Sensing lead failure in implantable defibrillators: a comparison of two commonly used leads.
INTRODUCTION: Despite major technological advances, structural problems in implantable cardioverter defibrillator (ICD) endocardial sensing leads remain a significant problem. There are two types of ICD sensing leads: (1) dedicated bipolar leads and (2) integrated lead systems that include defibrillation coils. The long-term performance of these two lead systems has not been directly compared.
METHODS AND RESULTS: We prospectively examined the incidence of lead failure manifested by inappropriate arrhythmia detection in 247 consecutive patients undergoing abdominal ICD implant at a single center between 1991 and 1995. A total of 107 patients received BT-10 (dedicated bipolar) leads and 140 patients received Endotak (integrated bipolar) leads. Over a mean follow-up of 860 +/- 442 days, there were 19 (17.8%) lead failures with the BT-10 lead (261 to 1,505 days postimplant) compared with only 6 (4.3%; P < 0.01) with the Endotak lead (410 to 1,211 days postimplant). Lead failure was due to an insulation defect in all cases, with the problem occurring in the proximal lead (within the pulse generator pocket) in all but one case. Lead survival was significantly better with the Endotak lead (P = 0.015, risk ratio = 3.0, 95% confidence intervals 1.2 to 7.6).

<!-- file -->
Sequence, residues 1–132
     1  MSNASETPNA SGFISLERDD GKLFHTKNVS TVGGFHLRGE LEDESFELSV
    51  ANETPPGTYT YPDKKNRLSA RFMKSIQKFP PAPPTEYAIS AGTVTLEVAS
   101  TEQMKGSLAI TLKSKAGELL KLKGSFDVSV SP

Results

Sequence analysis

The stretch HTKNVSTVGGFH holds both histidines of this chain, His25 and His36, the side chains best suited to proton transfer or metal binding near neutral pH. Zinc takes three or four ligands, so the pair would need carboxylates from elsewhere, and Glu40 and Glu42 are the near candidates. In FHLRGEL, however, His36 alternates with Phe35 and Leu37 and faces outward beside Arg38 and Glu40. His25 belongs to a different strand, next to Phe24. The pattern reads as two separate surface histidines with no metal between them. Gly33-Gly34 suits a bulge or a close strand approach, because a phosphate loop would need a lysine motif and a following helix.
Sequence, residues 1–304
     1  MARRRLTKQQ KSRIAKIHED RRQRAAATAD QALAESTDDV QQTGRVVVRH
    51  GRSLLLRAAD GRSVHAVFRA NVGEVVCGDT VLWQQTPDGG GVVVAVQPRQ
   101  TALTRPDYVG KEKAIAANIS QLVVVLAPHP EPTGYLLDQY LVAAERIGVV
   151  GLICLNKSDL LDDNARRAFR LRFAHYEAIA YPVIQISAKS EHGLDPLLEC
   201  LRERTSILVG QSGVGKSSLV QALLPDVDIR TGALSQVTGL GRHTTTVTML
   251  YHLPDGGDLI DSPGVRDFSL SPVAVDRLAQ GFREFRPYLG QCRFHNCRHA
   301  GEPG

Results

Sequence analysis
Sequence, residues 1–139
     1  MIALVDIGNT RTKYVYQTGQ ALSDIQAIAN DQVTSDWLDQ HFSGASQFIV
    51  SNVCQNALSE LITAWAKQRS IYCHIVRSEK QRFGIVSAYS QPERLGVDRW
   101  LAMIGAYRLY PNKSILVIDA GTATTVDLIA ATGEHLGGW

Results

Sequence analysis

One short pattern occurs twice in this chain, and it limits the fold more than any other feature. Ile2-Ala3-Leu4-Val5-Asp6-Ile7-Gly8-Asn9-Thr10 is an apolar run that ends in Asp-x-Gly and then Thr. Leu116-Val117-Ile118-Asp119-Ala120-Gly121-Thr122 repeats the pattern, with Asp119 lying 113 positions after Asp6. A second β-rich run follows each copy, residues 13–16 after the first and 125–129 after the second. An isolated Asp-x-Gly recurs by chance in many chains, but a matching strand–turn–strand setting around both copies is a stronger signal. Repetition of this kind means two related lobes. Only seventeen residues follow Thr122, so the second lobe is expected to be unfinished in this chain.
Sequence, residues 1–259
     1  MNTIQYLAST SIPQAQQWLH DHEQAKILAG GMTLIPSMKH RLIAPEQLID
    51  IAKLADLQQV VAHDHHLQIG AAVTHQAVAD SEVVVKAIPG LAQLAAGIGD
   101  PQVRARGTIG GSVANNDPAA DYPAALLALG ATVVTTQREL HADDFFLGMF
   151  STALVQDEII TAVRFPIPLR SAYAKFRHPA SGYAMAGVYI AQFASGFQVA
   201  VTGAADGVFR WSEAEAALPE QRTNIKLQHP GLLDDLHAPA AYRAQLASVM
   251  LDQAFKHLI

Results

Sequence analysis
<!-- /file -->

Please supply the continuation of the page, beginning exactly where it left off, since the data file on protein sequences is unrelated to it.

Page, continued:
CONCLUSION: Late lead failure due to insulation defects in BT-10 sensing leads (causing inappropriate ICD activation) is a relatively common and progressive phenomenon, with difficulties becoming apparent as long as 4 years after implant. This problem is a likely cause of inappropriate shocks in patients with BT-10 leads. Implantation of a new sensing lead should be considered at the time of elective pulse generator replacement, even in the absence of demonstrable oversensing.
Published In/Presented At
Degeratu, F. T., Khalighi, K., Peters, R. W., Shorofsky, S. R., & Gold, M. R. (2000). Sensing lead failure in implantable defibrillators: a comparison of two commonly used leads. Journal of cardiovascular electrophysiology, 11(1), 21–24. https://doi.org/10.1111/j.1540-8167.2000.tb00730.x
Medicine and Health Sciences
Department of Medicine